Advertisement

You will be redirected to the page you want to view in  seconds.

US Navy Adjusts Effort In Search For Missing Malaysian Airliner

Mar. 13, 2014 - 05:16PM   |  
By JEFF SCHOGOL   |   Comments
USS Pinckney transits the Pacific
The guided missile destroyer Pinckney will soon end its participation in search efforts for a Malaysian passenger jet that has been missing for nearly a week. (MC3 Kenneth Abbate / Navy)
  • Filed Under

The guided missile destroyer Pinckney will soon end its participation in search efforts for a Malaysian passenger jet that has been missing for nearly a week.

“In coordination with the government of Malaysia, we have decided to send USS Pinckney to Singapore for planned maintenance and routine voyage repairs,” said the Navy’s 7th Fleet spokesman Cmdr. William Marks. “With the search area expanding into the Strait of Malacca, Pinckney is not currently needed until follow-on information is available and planning occurs. She will continue searching during her transit south today.”

Another destroyer, the Kidd, is en route from the Gulf of Thailand to the Strait of Malacca to look for Air Flight MH370, which disappeared Saturday while flying from Kuala Lumpur to Beijing, Marks said in an email to Navy Times on Thursday. The Kidd is expected to arrive in the new search area within the next day or two.

Search efforts have been confounded by confusion about whether the plane was last spotted over the Gulf of Thailand or to the west of Malaysia in the Strait of Malacca, creating a large search area. The Chinese government announced Wednesday that one of its satellites detected what could be aircraft debris in the South China Sea, but a search of the area Thursday did not turn up any signs of the plane, Malaysia’s civil aviation chief told The Associated Press.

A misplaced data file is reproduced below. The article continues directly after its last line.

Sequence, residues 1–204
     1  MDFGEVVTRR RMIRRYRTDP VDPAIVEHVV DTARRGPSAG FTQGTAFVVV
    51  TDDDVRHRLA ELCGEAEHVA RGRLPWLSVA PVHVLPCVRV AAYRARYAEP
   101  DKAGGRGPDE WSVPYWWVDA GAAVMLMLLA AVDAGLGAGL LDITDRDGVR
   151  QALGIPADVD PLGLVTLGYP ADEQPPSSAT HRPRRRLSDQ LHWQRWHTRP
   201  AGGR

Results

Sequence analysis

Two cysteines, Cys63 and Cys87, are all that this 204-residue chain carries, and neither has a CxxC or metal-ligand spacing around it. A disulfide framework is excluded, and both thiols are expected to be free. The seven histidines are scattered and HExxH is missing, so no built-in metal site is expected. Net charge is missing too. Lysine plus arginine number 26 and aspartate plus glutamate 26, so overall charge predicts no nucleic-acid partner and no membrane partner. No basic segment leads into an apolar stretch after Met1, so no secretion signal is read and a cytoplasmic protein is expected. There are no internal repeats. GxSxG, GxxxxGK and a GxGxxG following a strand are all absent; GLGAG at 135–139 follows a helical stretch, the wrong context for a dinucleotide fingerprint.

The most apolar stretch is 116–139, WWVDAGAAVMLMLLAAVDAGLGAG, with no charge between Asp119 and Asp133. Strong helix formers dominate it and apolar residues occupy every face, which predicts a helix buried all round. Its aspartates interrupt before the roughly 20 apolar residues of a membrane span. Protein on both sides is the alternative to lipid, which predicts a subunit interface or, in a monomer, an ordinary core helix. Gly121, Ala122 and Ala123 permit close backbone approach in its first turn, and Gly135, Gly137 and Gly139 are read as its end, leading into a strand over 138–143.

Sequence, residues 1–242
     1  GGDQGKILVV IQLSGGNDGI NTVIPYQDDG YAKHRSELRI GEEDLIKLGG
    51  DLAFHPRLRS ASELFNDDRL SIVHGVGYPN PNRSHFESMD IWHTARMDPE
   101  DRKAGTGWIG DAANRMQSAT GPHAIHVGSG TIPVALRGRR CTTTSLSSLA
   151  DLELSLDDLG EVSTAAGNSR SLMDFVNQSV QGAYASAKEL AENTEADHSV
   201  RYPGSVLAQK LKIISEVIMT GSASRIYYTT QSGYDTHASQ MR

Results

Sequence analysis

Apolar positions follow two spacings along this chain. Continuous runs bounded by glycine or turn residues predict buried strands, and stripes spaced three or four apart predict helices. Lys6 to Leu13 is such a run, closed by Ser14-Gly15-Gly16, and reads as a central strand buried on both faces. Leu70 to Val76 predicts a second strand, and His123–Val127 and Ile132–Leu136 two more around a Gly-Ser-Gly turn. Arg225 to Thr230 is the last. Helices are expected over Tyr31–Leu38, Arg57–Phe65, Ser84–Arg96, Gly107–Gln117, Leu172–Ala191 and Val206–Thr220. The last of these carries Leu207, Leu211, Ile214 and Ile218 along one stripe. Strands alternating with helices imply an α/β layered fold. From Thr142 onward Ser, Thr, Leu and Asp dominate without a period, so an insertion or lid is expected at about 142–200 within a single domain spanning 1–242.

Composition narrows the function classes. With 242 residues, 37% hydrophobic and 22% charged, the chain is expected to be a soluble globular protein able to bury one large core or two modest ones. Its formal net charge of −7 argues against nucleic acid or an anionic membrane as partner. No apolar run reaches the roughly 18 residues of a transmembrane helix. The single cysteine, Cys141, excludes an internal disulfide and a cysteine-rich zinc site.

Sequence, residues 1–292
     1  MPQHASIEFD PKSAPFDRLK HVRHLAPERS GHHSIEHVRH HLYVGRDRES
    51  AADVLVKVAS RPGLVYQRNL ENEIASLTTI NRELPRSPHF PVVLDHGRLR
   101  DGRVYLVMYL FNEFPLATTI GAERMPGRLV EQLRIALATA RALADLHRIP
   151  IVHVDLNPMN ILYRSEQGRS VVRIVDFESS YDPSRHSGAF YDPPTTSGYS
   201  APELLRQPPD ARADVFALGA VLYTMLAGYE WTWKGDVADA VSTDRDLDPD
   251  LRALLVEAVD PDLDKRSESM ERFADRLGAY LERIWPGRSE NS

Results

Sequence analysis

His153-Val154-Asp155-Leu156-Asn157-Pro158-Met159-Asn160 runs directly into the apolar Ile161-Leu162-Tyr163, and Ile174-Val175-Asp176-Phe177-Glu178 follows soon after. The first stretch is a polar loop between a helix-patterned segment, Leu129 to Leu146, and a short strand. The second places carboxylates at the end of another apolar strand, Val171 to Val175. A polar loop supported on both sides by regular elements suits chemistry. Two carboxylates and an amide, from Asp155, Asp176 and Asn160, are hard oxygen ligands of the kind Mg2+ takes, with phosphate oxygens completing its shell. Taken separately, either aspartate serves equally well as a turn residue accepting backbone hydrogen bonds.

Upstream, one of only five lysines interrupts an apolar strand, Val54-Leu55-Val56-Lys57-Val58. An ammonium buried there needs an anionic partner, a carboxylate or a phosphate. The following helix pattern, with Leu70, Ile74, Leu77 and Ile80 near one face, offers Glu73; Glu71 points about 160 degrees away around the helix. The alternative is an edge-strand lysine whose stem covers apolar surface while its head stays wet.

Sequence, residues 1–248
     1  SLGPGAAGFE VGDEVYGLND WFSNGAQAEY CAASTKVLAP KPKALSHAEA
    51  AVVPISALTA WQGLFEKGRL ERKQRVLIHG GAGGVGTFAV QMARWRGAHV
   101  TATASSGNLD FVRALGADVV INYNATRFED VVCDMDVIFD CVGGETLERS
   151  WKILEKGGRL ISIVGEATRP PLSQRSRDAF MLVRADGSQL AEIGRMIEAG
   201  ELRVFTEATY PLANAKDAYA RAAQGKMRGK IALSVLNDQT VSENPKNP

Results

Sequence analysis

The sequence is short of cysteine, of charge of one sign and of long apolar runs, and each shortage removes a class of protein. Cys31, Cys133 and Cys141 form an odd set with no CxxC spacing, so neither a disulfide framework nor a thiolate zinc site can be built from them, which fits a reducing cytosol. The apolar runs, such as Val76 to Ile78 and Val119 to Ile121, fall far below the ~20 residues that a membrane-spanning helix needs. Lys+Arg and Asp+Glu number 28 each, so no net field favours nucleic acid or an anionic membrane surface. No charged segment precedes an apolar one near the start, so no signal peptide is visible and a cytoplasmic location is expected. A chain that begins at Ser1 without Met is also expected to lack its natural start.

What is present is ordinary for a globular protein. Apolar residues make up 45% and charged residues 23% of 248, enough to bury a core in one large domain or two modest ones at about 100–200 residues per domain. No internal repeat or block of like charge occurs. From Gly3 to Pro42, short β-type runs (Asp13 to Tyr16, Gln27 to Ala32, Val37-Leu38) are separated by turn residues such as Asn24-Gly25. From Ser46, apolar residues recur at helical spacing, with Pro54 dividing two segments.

“We do not have information to corroborate reports of debris spotted by Chinese satellites,” Marks said.

A Navy P-3C Orion surveillance plane that has been searching the Strait of Malacca will be joined on Saturday by a P-8A Poseidon, which has more advanced surveillance technology and a greater range than the Orion, he said.

“This move adds the P-8s enhanced technology and greater range to the search efforts while maximizing planned maintenance and guarding against air crew fatigue for both aircraft,” Marks said. “The P-8A is the most advanced long range anti-submarine and anti-surface warfare aircraft in the world. A true multi-mission aircraft, it also provides superior maritime intelligence, surveillance and reconnaissance.”

More In World News

Start your day with a roundup of top defense news.

Subscribe!

Subscribe!

Login to This Week's Digital Edition

Subscribe for Print or Digital delivery today!

Exclusive Events Coverage

In-depth news and multimedia coverage of industry trade shows and conferences.

TRADE SHOWS:

CONFERENCES:

Defensenews TV

  • Sign-up to receive weekly email updates about Vago's guests and the topics they will discuss.